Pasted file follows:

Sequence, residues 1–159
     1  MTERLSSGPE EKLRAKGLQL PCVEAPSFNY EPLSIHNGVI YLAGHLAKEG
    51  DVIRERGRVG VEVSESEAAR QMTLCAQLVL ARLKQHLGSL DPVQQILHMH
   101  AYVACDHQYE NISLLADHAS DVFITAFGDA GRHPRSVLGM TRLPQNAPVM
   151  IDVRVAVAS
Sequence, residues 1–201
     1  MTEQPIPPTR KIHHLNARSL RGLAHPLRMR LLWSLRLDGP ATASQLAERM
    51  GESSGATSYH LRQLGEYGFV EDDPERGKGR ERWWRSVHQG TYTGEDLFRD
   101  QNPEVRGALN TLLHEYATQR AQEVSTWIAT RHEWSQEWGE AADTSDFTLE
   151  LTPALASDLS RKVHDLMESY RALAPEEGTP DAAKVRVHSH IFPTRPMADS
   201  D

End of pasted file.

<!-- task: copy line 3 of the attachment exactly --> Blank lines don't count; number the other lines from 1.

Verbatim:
    51  DVIRERGRVG VEVSESEAAR QMTLCAQLVL ARLKQHLGSL DPVQQILHMH